As Washington adapts to a Trump administration, one of the Beltway’s most encyclopedic chroniclers is still in the midst of its own shakeup.
Politico, the news site founded in 2007 by former Washington Post reporters Jim VandeHei and John Harris with publisher Robert Allbritton, is undergoing stark transformation.
Nearly a year ago VandeHei, Politico’s CEO, announced his departure. Also announcing their departures were star columnist Mike Allen, business executives Kim Kingsley, Roy Schwartz and Danielle Jones. Then last month, veteran journalist Carrie Budoff Brown replaced Susan Glasser as editor.
“It’s a new opportunity for new leaders and new growth,” said Peter Canellos, the outlet’s then-executive editor, told students at the Missouri School of Journalism in October. “We are moving beyond the founders and growing organically.”
The outlet was founded on the idea that only a handful of reporters in Washington were truly breaking news on a consistent basis and that with “six or seven of the best,” in the words of Harris, Politico could compete with or eclipse established competitors like the Post. Nine years later, a news organization founded as an opponent of institutional journalism has itself become an institution.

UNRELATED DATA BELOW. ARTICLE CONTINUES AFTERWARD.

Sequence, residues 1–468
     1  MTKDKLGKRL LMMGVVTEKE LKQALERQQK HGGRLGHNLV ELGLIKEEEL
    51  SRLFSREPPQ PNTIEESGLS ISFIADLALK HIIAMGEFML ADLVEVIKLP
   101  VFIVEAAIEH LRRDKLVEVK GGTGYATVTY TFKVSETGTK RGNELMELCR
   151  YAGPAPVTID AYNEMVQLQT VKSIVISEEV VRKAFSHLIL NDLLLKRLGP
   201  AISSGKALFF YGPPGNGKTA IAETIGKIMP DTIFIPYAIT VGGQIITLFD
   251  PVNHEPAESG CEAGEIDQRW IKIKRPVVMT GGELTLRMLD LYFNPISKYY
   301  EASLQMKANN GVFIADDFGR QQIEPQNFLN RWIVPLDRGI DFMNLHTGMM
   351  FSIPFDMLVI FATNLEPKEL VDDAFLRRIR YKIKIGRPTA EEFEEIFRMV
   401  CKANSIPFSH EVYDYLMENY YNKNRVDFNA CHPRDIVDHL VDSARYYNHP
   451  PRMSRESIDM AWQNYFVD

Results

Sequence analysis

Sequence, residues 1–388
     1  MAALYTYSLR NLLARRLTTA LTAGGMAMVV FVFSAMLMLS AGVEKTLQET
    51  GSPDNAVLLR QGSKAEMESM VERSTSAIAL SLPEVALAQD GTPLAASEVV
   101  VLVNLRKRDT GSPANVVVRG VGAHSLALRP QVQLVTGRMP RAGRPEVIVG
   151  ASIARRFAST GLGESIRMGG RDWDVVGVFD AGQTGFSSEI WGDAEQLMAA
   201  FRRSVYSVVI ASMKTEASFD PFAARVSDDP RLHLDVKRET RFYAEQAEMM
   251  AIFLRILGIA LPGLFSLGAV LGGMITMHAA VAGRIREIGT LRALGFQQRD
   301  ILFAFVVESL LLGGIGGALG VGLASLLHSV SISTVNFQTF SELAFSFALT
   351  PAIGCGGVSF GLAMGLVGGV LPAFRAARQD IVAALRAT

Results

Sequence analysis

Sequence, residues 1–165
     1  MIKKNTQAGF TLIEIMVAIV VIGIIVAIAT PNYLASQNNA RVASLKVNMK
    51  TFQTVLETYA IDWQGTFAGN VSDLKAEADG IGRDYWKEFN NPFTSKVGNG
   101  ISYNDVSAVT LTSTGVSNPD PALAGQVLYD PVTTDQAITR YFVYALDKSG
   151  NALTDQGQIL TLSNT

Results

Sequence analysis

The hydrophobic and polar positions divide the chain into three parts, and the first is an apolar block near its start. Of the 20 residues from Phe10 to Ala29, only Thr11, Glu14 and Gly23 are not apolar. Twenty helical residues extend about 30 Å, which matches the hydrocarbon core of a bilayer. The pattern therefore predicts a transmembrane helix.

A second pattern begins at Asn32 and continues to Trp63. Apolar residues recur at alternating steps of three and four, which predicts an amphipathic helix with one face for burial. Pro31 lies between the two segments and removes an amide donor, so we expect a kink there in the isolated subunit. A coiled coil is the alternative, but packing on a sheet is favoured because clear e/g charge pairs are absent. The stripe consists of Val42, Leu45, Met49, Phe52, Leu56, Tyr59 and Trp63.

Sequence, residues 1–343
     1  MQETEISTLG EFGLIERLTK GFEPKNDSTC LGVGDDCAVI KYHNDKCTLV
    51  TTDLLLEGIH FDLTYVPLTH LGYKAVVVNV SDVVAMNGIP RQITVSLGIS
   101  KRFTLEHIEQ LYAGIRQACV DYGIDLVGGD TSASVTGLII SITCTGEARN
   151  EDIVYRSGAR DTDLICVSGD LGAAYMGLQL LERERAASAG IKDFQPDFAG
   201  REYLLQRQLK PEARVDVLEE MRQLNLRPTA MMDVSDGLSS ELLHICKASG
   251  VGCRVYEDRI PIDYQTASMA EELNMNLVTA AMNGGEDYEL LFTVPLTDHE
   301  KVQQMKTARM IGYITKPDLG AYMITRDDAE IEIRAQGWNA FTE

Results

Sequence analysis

“John Harris and Jim VandeHei are great visionaries,” said Canellos, who recently moved to a new post of editor-at-large and was replaced as executive editor by ex-New York Times editor Paul Volpe. “Right now there are a lot of outlets trying to do what they did nine years ago…Politico has developed some new muscles.”
Those muscles, of course, include the bimonthly Politico Magazine launched in 2013, the Brussels-based Politico Europe launched last year, the subscription-based Politico Pro newsletters and a new emphasis on state-based political news. That handful of reporters has become a company with hundreds of employees.
The digital first publication now sees itself as something more than an unfiltered stream of scoops. “There are a lot of people asking about what’s going on in Washington and what could happen,” said Canellos. “We are trying to be there for analysis. That's the value proposition of Politico.”